Alexei Navalny, Kremlin critic, has ‘more or less’ regained his health after a hunger strike and is able to communicate with his relatives, according to the head of Russia’s Federal Penitentiary Service.
Navalny, President Vladimir Putin’s most vocal domestic critic, is serving a two-and-a-half-year sentence for alleged parole violations.
“I would tell he has more or less regained his fitness,” Alexander Kalashnikov, the head of the Federal Penitentiary Service, told the TASS news agency. “He is now 82 kg (181 lbs). He is eating normally and interacting with his family is possible.”
The 44-year-old opposition politician had declared a hunger strike in late March to demand better medical care in prison after experiencing acute leg and back pain.
His deteriorating health prompted allies to call on his supporters to take to the streets to demand he receive adequate care, but the turnout at those rallies was more modest than expected.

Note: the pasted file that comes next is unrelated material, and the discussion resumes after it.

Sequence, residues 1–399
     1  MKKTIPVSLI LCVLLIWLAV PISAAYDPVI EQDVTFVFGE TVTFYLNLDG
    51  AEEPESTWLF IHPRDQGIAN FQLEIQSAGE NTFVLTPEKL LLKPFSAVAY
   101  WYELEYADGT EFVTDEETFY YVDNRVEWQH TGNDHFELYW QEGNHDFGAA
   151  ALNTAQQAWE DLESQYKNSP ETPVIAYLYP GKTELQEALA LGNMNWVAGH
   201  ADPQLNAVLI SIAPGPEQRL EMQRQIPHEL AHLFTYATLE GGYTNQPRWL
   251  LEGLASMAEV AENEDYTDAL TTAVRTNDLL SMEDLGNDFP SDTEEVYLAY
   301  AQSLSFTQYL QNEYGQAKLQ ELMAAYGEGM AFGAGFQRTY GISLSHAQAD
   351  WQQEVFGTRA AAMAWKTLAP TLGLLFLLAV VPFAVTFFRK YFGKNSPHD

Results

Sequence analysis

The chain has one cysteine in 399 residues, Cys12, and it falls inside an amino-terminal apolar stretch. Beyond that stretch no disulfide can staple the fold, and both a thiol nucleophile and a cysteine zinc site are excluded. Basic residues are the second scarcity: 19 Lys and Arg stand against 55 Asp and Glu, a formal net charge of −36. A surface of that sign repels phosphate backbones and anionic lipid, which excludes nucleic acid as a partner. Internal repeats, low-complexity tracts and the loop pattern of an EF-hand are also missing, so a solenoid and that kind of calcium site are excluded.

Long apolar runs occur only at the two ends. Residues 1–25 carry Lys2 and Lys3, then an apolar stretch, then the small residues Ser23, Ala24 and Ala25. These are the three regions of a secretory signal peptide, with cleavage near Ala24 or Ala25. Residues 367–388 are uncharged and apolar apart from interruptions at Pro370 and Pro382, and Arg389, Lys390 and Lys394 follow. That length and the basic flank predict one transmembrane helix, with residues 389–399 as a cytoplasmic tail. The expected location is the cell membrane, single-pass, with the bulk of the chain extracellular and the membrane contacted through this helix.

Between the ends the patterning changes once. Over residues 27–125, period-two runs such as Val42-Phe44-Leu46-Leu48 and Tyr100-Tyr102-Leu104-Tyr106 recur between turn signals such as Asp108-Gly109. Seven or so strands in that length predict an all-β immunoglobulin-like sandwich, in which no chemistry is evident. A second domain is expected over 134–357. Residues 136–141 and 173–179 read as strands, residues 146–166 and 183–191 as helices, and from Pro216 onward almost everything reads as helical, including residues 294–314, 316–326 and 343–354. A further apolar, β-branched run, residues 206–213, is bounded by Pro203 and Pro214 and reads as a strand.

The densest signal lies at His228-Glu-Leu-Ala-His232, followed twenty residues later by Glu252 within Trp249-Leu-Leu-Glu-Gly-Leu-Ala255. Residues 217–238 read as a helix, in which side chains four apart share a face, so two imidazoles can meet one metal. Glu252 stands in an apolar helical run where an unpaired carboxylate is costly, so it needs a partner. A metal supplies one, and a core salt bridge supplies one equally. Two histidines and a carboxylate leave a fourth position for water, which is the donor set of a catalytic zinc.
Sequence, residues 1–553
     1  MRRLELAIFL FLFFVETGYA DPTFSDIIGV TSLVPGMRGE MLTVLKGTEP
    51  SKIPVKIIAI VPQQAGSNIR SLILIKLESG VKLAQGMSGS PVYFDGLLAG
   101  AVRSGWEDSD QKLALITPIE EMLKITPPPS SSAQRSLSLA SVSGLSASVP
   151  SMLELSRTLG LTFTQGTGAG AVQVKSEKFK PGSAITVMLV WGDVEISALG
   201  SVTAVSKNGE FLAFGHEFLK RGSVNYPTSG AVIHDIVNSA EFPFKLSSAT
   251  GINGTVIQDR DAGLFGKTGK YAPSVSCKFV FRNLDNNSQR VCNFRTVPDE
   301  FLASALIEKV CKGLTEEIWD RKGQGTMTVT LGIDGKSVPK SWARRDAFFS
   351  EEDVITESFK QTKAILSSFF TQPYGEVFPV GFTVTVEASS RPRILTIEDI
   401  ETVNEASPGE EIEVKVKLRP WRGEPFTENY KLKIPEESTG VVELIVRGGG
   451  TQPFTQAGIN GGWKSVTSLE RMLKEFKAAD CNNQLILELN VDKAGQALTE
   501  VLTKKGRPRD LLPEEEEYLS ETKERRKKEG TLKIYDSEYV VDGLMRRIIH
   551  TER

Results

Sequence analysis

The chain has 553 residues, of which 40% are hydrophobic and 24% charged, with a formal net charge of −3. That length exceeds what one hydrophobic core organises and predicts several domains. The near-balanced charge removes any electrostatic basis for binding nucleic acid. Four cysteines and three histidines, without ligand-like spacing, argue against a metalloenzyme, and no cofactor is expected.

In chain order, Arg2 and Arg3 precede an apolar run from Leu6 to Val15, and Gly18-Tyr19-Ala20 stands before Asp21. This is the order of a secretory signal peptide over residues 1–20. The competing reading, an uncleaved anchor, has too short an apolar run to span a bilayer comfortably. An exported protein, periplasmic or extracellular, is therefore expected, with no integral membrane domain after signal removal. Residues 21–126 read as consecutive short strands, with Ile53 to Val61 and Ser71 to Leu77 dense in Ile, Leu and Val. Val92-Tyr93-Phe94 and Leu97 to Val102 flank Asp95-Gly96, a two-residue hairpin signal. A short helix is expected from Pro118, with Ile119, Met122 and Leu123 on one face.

Navalny, who last year survived what German doctors said was a nerve agent poisoning, halted his hunger strike last month after receiving better medical care.
Ivan Zhdanov, one of Navalny’s closest allies, said on Thursday that Navalny’s health condition was generally satisfactory.
Russia in recent weeks has moved to outlaw Navalny’s anti-corruption foundation and regional campaign groups as extremist.
Navalny’s allies have halted much of their operations as a result of the event.
The authorities would be able to arrest activists and freeze their bank accounts if Navalny’s foundation and advocacy groups are officially deemed extremist. The case’s next court appearance is scheduled for June 9.
Navalny’s supporters say the accusations of extremism are an effort to stymie their political opposition to the governing United Russia party ahead of a September parliamentary election.